Vettel on Raikkonen around the Ferradura (turn 6).
The cars are already faster than the pole time of Interlagos in 2012, and it’s still only FP2.
In FP2 in 2012, Hamilton was 2 seconds slower than Rosberg is now.
So they add a chicane to what is already the longest pitlane on the calendar? Ironic, because the circuit is actually one of the shortest.
The pitlane is almost half the track. :O
1 – Split the revenue among the teams up much more evenly.
2 – Get rid of Abu Double.
3 – Only use DRS on circuits which need it most.
The top 5 (Clark, Steward, Alonso, Schumacher & Fangio) is fairly accurate.
The rankings of Rosberg, Senna, and Prost however – are absurd.
– 8 different winners from 5 different teams.
– No DRS or artificial tyres to help the racing.
– A classic title scrap between the three most iconic teams – Ferrari, Williams, and McLaren.
– A brilliant WDC fight between Schumacher, Raikkonen, and Montoya.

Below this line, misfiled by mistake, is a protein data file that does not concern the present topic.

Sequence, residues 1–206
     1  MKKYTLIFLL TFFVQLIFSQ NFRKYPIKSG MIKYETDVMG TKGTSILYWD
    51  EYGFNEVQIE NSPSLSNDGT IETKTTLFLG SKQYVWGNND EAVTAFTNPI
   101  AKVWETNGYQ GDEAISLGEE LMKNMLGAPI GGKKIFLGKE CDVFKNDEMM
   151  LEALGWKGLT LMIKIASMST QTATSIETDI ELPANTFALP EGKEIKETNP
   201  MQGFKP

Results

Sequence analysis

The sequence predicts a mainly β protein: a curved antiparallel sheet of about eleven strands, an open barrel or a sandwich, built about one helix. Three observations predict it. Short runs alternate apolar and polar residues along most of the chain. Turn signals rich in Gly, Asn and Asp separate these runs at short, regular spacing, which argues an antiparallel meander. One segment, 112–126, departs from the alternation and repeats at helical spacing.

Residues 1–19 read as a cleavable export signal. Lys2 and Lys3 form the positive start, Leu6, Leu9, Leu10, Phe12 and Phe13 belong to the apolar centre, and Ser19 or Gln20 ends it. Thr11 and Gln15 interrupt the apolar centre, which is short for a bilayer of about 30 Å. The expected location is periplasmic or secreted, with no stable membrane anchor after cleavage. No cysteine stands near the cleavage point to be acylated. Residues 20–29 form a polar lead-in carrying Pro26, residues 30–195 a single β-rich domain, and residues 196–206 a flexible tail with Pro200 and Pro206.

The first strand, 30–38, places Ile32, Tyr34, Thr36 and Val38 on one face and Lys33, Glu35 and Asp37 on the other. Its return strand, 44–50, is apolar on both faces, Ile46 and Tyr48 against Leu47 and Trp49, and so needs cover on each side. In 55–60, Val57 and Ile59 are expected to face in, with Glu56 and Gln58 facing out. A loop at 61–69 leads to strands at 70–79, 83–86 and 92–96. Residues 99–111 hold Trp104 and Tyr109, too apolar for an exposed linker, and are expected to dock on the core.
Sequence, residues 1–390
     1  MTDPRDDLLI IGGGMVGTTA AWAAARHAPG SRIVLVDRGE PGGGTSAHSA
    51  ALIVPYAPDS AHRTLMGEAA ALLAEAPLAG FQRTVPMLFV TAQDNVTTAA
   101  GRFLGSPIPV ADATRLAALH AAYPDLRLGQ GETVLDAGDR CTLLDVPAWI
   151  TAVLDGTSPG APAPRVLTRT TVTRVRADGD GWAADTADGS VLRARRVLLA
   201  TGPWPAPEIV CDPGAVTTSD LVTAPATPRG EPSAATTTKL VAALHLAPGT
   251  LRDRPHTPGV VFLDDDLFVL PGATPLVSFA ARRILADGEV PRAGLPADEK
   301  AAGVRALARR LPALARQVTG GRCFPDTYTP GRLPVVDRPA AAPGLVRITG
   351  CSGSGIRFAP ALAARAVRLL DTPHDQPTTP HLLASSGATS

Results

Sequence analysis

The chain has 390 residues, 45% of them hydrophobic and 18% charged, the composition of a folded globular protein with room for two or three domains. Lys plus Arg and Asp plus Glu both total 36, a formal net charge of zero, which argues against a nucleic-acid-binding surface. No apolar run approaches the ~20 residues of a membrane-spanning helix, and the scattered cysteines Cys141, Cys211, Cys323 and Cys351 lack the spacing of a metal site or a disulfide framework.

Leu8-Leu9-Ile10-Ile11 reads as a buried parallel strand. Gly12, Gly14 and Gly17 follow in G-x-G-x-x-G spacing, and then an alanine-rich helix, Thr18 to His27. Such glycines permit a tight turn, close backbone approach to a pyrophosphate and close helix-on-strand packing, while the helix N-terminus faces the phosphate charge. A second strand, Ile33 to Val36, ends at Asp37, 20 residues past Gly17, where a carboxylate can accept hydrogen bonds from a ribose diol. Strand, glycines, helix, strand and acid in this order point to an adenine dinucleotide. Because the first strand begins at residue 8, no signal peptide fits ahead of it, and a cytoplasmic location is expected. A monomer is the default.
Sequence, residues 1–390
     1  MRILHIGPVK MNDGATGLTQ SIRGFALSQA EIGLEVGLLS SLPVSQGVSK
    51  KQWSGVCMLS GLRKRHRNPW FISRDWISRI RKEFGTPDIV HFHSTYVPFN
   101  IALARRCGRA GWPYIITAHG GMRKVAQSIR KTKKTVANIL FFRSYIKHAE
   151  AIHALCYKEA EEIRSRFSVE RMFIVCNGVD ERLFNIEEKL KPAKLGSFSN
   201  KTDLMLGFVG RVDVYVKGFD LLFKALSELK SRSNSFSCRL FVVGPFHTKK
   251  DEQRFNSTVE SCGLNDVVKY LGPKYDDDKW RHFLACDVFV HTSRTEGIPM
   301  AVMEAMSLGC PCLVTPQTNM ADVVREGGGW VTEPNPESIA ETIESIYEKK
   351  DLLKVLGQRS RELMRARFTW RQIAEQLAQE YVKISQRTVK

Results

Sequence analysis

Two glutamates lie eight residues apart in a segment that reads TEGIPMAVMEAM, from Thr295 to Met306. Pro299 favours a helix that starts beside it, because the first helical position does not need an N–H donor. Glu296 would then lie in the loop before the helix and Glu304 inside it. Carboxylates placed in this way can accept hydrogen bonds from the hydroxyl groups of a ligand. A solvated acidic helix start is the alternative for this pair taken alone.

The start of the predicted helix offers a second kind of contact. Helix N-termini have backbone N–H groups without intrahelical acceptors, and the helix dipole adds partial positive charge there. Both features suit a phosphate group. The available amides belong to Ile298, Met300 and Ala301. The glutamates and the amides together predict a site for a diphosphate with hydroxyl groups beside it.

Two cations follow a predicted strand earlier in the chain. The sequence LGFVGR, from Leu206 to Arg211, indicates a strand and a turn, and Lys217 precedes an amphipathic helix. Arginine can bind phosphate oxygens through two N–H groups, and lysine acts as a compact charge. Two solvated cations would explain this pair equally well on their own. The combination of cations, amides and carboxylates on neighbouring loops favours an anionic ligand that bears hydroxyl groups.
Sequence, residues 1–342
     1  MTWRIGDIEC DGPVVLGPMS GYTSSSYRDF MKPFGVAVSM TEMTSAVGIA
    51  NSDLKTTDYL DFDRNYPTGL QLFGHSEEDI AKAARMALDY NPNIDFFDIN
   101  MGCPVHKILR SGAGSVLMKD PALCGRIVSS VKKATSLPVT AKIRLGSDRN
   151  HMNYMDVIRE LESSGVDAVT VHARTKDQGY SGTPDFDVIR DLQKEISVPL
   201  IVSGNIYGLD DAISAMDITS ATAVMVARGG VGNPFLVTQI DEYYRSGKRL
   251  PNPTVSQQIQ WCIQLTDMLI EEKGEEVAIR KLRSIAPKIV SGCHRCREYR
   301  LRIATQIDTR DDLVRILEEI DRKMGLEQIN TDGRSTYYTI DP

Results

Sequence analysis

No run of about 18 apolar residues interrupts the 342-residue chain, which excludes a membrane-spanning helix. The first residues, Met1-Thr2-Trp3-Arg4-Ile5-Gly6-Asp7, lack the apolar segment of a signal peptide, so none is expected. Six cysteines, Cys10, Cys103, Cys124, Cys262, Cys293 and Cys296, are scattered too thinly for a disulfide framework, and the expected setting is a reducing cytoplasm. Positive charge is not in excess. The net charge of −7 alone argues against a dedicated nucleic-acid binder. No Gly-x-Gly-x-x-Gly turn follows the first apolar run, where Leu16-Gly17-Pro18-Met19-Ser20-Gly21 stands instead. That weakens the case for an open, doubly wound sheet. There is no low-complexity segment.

– A lot of great races (Australia, Brazil, Austria, Nurburgring, Silverstone, Indianapolis, Japan).
– Just about every team had their own unique livery.
– Some old vintage teams (Minardi, Jordan, Jaguar, BAR Honda, Renault, and Toyota).
– The rise of Raikkonen, Alonso, Button, and Webber.
As an Alonso fan, I would love to see Vettel become his teammate.
Preferably in a tail-happy car which is very difficult to drive.
Teams to fold: Caterham, Marussia, and Sauber.
Van der Garde
Ricciardo on Vettel for me. Brilliant dummy.
I’ve only been watching since 2002 so I won’t be picking any teams before that.
Either the F2007 or F2008, I loved the cherry-red Ferrari’s. Both were stunningly beautiful and fast.
Maldonado took 4 years to win the championship. Close enough.
4. Alonso – Once again impressive in a mediocre Ferrari, but doesn’t have as much amazing performances as in 2012 (or that car was a lot better than the F14 T, which seems likely). A lot more invisible than usual, apart from fantastic performances at China and Hungary. Qualifying still isn’t going well, though.
Seriously? He has “only” out-qualified Kimi by 0.825 s on average, and he’s up 9-1 in qualifying (in Bahrain Alonso had engine power issues). Spain was the only time where Kimi was even in the same ballpark over one lap.
Some myths just never die.
Ricciardo around the outside of Hamilton in turn 2.
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